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--> Find me on Symbiartic, the art+science blog on the new Scientific American Blog Network!

Cloak and Dagger wip

Decided late last night to get cracking on another Marvel Comics image for fun.  Below, the start of my work-in-progress of Cloak and Dagger, being done with ArtRage Studio Pro.



I've always liked these two, ever since their half-book run in Strange Tales opposite Dr. Strange.  Artist Bret Blevins' take on the pair defines them for me, though I loved Kevin Nowlan's covers. This series introduced the sinister Mr. Jip (and also had the best Dr. Strange stories ever, after he destroyed all the ancient talismans that protect Earth in order to save his friends. He becomes super evil to save the world.)


Art by Carl Potts and Bret Blevins

Dagger is a teen dancer, and should be lithe, but it often portrayed in a really voluptuous way which I don't think fits this character. Her costume is revealing, but also carries a really simple design that would work well even without all the skin showing. Cloak's skin is supposed to appear sort of like old wood, so I'll see what I can do in this image to grant that effect, though most will be in shadow. 

For this image, I wanted to have more mystery, and an air of menace. We'll see how it turns out. 

Here's some previous sketches I posted a couple of years back:




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Original artwork on The Flying Trilobite Copyright to Glendon Mellow
under Creative Commons Licence.
Cloak & Dagger © Marvel Comics, fanart being done without permission.

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Snowy Man-Thing wip


Decided to play around with this one some more and switch the crystals at the base to snow.  Still a work in progress: I'll need to add some more frostiness to ol' Man-Thing.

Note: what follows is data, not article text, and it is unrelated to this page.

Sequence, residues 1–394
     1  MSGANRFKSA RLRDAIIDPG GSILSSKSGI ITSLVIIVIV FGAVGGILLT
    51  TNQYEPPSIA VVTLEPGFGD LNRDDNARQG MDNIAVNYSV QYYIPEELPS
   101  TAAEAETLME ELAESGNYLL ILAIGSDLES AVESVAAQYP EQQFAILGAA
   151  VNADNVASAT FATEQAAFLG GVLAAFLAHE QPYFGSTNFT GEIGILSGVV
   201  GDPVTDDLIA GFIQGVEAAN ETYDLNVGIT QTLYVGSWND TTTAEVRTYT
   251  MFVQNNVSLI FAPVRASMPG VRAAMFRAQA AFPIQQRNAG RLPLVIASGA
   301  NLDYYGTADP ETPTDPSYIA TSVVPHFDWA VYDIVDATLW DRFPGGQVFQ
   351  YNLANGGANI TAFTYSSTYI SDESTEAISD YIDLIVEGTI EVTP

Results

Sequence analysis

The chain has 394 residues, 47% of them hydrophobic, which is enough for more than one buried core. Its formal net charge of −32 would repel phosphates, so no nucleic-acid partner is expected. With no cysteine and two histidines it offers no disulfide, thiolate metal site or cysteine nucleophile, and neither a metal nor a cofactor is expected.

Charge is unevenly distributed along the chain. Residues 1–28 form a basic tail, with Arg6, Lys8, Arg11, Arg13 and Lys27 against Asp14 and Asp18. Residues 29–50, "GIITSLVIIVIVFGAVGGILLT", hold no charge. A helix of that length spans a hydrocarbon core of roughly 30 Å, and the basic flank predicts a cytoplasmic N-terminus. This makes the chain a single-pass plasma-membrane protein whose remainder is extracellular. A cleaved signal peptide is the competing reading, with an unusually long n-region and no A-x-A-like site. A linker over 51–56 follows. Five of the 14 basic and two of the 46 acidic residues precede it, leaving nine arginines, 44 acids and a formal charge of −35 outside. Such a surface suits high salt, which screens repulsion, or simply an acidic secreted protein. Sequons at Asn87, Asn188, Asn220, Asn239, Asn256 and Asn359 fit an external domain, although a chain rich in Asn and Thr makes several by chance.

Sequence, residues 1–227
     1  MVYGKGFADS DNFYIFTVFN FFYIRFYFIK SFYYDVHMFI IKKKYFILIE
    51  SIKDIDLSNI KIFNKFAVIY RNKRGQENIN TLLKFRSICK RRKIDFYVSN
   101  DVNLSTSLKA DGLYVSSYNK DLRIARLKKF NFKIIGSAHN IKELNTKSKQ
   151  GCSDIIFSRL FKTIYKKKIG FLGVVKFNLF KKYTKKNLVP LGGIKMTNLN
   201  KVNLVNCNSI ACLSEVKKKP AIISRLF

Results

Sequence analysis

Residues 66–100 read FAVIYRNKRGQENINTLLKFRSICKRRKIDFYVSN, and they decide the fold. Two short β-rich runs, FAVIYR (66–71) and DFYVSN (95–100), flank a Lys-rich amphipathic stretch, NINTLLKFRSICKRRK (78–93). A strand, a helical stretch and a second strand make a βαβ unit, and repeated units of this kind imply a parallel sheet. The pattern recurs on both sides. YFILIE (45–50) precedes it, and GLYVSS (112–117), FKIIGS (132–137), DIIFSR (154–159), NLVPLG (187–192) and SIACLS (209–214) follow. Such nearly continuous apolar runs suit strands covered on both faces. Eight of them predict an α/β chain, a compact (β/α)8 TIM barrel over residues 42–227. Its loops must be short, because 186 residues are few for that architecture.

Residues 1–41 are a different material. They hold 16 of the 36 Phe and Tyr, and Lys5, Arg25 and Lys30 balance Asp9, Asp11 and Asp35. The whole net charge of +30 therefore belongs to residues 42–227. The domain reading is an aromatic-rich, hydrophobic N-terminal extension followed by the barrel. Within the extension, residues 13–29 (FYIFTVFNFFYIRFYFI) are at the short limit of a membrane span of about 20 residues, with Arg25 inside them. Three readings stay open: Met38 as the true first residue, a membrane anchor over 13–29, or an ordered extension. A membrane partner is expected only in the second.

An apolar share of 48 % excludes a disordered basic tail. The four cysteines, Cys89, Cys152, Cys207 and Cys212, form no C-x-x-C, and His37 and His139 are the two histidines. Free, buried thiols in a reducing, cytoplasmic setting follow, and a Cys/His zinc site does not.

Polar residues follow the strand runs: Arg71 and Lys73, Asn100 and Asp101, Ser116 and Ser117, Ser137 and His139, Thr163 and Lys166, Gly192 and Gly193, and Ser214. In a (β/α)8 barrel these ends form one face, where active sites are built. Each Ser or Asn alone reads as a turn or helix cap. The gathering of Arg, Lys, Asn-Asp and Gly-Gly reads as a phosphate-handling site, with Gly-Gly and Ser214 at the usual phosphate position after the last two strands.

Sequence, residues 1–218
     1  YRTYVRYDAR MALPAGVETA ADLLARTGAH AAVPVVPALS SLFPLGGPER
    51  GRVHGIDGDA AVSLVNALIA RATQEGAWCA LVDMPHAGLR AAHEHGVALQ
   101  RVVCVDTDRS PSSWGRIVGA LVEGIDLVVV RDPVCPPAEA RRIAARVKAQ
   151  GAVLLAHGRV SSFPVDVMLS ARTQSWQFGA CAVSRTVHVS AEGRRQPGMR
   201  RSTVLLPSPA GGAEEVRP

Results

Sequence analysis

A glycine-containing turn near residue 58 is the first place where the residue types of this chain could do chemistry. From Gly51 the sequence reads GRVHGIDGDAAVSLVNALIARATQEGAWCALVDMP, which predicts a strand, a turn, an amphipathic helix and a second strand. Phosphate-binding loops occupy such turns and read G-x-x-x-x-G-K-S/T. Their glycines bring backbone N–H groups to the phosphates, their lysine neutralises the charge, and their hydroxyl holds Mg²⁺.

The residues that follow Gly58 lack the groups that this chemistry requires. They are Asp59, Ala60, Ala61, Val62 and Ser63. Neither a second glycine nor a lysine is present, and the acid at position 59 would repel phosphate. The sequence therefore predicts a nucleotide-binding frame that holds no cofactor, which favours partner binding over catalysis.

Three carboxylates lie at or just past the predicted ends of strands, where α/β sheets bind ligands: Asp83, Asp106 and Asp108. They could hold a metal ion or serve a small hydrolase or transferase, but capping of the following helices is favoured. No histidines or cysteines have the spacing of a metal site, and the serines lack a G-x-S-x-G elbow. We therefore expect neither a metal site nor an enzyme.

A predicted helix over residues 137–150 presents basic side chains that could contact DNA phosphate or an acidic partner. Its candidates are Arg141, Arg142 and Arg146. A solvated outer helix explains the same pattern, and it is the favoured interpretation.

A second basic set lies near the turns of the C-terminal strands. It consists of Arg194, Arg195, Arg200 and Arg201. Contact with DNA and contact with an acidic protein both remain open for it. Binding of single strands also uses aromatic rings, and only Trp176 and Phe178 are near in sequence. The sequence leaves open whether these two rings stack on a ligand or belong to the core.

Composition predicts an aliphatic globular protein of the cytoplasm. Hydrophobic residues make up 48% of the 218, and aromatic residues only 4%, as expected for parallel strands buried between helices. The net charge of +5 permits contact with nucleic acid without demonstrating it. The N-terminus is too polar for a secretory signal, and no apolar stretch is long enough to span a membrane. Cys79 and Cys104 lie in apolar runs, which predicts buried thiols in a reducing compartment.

Does he need a carrot nose?  Nah.

I'm really enjoying ArtRage Studio Pro, and I've been using this image to unwind whenever I have some time. Also, if you're an ArtRage fan, check out the updates that come with 3.5: now their's scripting!  Basically, you can record a movie while you paint. I plan on making use of that pretty soon!

Previous looks at this work-in-progress here.

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Original artwork on The Flying Trilobite Copyright to Glendon Mellow under Creative Commons Licence.
Man-Thing copyright to Marvel Comics. Fan art, without permission> Respect their authoratay!

A few iPod Touch sketches

Here's a few new sketches done using Sketch Club on my iPod Touch. I don't really plan what I'm going to draw when I do these, I kind of just start sketching. 

"Alert"


"Angry Sketchy Guy" His chest turned out way too big for his tiny angry head. 

"Marvel's Moon Knight" one of my nephew's favourite comic book characters. 

The hardest thing about doing these is precision: the screen is so small, and my finger gets in the way.  I should get a stylus. Previous iPod drawings and paintings I've done can be seen here


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Original artwork on The Flying Trilobite Copyright to Glendon Mellow
 under Creative Commons Licence.

Man-Thing work-in-progress continues

My piece of Man-Thing fan art continues. 




You can see the pencils here, and the start of the digital painting along with commentary and an explanation of who this character is, here.